Once passed by the legislature and signed into law by the president, the people of the United States can challenge any law in the courts under the authority of the judicial branch. Laws deemed unconstitutional by the judiciary are considered void. In this way, justices of the courts become the final arbiters of the fairness and legality of a law's provisions.Know More
In 1803, the case of Marbury v. Madison enshrined the principle of judicial review in American law. Judicial review grants the courts the right to establish the consistency of any statute with existing laws and constitutional requirements. Authoring the unanimous opinion, Supreme Court Chief Justice John Marshall asserted the duty of the court to strike down a law deemed unconstitutional — in this case, the provision that allowed Marbury to bring his suit before the court in the first place.
In the centuries since Marbury v. Madison, the Supreme Court has heard tens of thousands of cases and has made controversial decisions with ramifications that affect American culture for generations. Hundreds of thousands more cases have been decided by lower levels of the judiciary. However, the path to change laws through the judiciary is not an immediate one. While laws are often debated, voted on in the legislature over matters of days or weeks, many appeals to the Supreme and appellate courts take months or years of preparation, and many more are never heard at all.Learn more about Branches of Government
A bicameral legislature is composed of two chambers, both of which must pass legislation before it becomes law. The United States has a bicameral legislature, as Congress is composed of the House of Representatives and the Senate. Bicameralism is intended to ensure that multiple perspectives are involved in the legislative process.Full Answer >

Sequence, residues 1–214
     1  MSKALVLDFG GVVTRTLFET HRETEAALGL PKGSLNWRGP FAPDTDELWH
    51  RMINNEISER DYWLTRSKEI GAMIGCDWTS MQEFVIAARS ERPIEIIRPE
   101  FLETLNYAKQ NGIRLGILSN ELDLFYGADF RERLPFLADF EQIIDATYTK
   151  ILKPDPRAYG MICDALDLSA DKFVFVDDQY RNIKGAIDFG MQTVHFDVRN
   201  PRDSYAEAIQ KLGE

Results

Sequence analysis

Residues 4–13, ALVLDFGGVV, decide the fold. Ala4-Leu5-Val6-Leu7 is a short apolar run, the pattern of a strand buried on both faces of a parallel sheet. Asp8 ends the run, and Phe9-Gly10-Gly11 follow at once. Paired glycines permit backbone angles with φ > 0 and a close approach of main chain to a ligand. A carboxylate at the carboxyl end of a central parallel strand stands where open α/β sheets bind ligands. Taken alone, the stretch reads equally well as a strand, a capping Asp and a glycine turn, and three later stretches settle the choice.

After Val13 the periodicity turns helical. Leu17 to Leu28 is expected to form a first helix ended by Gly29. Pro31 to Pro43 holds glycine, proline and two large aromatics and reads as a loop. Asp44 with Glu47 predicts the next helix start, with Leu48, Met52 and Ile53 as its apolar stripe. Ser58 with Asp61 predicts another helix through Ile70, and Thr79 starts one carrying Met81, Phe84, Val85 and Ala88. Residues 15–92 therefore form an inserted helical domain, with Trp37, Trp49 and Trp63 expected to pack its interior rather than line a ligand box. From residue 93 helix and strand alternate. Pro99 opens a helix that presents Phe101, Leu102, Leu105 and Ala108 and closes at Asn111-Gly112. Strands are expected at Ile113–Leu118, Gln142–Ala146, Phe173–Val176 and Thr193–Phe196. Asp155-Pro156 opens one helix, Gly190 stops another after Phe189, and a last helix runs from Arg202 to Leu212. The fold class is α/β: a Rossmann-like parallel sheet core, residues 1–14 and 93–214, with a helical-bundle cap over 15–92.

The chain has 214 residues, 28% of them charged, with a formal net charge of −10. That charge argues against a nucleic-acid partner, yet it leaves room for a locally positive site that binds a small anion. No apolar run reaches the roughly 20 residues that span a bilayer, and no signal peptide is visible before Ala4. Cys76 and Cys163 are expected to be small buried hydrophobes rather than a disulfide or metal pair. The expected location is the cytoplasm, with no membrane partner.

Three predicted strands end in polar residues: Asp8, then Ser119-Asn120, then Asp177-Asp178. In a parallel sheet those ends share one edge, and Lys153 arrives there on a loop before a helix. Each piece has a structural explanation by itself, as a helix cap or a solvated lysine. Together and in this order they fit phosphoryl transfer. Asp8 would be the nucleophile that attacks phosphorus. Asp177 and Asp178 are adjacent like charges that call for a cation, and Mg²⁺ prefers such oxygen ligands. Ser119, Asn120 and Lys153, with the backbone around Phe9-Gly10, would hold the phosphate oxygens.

The primary purpose for a bicameral legislature is to dilute the effects of the popular will in decision making for a state or country by creating more hurdles for legislation to clear before becoming law and/or by creating one house of the legislature that does not go through direct election. The British Parliament and the original makeup of the United States Congress both fulfilled this purpose.Full Answer >
The U.S. Congress and the president determine how many federal courts exist in the country. The Constitution vests Congress with the power to pass legislation, subject to approval by the president, that establishes all inferior federal courts.Full Answer >
A chief legislator most often refers to the president of the United States, who has the authority to influence members of Congress to make laws through veto power, signing a bill, speaking directly to Congress and meeting with individual members of the legislative body. Article II, Section 3 of the Constitution of the United States gives the president the authority to "recommend... such measures as... necessary and expedient."Full Answer >